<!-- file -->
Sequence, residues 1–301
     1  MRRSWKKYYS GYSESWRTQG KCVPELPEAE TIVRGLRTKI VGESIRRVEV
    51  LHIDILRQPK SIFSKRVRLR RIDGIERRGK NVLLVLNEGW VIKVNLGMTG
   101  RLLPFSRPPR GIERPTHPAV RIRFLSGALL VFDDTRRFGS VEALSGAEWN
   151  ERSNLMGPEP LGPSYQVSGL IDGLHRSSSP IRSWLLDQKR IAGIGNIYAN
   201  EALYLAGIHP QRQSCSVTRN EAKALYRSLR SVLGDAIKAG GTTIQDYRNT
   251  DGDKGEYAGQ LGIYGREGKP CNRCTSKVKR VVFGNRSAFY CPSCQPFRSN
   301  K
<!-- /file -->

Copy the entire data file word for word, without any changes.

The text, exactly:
Sequence, residues 1–301
     1  MRRSWKKYYS GYSESWRTQG KCVPELPEAE TIVRGLRTKI VGESIRRVEV
    51  LHIDILRQPK SIFSKRVRLR RIDGIERRGK NVLLVLNEGW VIKVNLGMTG
   101  RLLPFSRPPR GIERPTHPAV RIRFLSGALL VFDDTRRFGS VEALSGAEWN
   151  ERSNLMGPEP LGPSYQVSGL IDGLHRSSSP IRSWLLDQKR IAGIGNIYAN
   201  EALYLAGIHP QRQSCSVTRN EAKALYRSLR SVLGDAIKAG GTTIQDYRNT
   251  DGDKGEYAGQ LGIYGREGKP CNRCTSKVKR VVFGNRSAFY CPSCQPFRSN
   301  K